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Old September 21st, 2006, 09:22 PM   #16
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Jon - no offense was intended. Why did I make the comment that it needs more than just a Google search to conclude that 64-bit computing is useless? Because I use it every day, even now as I write this. It seemed to be a statement without basis in personal observation, because it was so blanketly strong and (in my experience, at least) so very incorrect. I accept your retraction. Please accept mine about the "Google" comment.

Perhaps your statements were based on experience with Windows Vista. I wouldn't doubt that for now, Vista may be a nearly useless computing platform. Personally I am not willing to try it out.

Back to XP, I've read articles in computer magazines saying that 64 bit has no advantage. Those articles were generally aimed at the masses, who would never push a PC hard enough to gain any advantage from 64 bit computing. Maybe they push their video cards for gaming, but that's about it.

We as video editors are in a different category of PC users from the mass consumer. We squeeze every ounce of performance from our PCs, and anything that gives us a significant boost can be great.

On the whole you're right about weak industry support for XP x64. Drivers are only available for newer hardware (though it's actually a lot more plentiful than you might think). Great for someone who carefully builds a new system, but useless for the majority who don't have brand new hardware. Microsoft said themselves upon release that XP x64 was geared for the most demanding applications, not for the general consumer. This is why.

And it probably take a few years to create 64 bit XP. I didn't mean to say they never worked on 64-bit stuff until yesterday. But having projects and demos in the lab isn't the same as having a released OS with a customer base testing it.

For me, building my system around 64-bit XP was not much of a risk. I have a dual boot with 32 bit XP. If the 64-bit didn't work out I'd just dump it. But it worked out so well that I almost never boot the 32-bit partition. It worked because 64 bit drivers are available for my particular hardware and 32 bit apps run on the OS.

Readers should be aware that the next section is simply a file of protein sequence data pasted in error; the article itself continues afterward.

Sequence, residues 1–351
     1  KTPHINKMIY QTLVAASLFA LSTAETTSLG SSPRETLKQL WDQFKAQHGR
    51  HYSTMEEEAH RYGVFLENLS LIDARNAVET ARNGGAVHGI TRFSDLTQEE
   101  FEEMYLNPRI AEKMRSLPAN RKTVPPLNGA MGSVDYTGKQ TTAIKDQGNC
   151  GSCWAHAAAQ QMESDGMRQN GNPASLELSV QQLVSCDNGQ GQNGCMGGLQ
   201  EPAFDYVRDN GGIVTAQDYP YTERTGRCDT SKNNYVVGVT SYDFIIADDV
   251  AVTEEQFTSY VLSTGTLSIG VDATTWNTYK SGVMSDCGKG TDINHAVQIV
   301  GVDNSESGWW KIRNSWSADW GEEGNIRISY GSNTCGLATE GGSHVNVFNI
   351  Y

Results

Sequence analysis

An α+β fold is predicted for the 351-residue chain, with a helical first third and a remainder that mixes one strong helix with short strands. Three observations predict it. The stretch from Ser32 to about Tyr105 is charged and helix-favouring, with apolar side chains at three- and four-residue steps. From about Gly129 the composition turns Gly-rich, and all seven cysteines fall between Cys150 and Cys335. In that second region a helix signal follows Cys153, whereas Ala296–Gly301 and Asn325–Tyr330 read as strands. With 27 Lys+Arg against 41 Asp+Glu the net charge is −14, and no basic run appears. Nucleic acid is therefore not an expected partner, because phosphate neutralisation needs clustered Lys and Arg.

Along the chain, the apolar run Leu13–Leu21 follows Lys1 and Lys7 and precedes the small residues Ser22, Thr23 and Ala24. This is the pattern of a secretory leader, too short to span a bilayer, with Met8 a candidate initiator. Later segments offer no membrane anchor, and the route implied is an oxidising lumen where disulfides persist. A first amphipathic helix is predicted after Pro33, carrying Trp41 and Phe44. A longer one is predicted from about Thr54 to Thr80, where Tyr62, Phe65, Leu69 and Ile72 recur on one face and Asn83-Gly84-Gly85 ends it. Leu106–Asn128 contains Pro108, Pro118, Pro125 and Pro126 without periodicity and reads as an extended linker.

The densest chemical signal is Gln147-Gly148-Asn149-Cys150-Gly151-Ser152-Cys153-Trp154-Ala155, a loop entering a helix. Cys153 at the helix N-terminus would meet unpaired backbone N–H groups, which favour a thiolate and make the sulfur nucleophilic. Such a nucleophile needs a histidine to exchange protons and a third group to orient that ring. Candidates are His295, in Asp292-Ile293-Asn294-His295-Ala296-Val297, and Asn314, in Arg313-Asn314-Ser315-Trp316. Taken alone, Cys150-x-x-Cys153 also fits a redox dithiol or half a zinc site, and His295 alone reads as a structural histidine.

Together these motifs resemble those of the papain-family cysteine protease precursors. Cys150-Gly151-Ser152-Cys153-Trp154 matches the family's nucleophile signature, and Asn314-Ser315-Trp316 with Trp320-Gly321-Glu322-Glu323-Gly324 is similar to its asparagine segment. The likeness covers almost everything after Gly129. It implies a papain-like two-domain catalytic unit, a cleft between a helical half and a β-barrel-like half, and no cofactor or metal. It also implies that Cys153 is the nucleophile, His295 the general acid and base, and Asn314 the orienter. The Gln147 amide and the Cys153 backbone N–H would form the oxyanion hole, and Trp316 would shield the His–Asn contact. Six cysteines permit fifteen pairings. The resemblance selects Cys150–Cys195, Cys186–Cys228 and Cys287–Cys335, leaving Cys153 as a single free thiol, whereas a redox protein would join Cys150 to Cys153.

Heck, if you love technology so much, screw 64-bit processing and just move to parralell rendering. Build 20 computers and run your rendering process through all of them and finish your job in a record 3 minutes as opposed to 2 hours! :)

I don't have the money to build a 20-PC rendering farm. Why the sarcasm? I only wish to say that 64-bit computing is a path to building better digital video workstations, and it is working today. If it gets adopted and supported by vendors and users (a big if), it can help us out. For some people that means greater productivity and greater income generation. But you're right, it'll only happen slowly.
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Old September 21st, 2006, 10:41 PM   #17
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Quote:
Originally Posted by Jay Hancock
Jon - no offense was intended. Why did I make the comment that it needs more than just a Google search to conclude that 64-bit computing is useless? Because I use it every day, even now as I write this. It seemed to be a statement without basis in personal observation, because it was so blanketly strong and (in my experience, at least) so very incorrect. I accept your retraction. Please accept mine about the "Google" comment.

Perhaps your statements were based on experience with Windows Vista. I wouldn't doubt that for now, Vista may be a nearly useless computing platform. Personally I am not willing to try it out.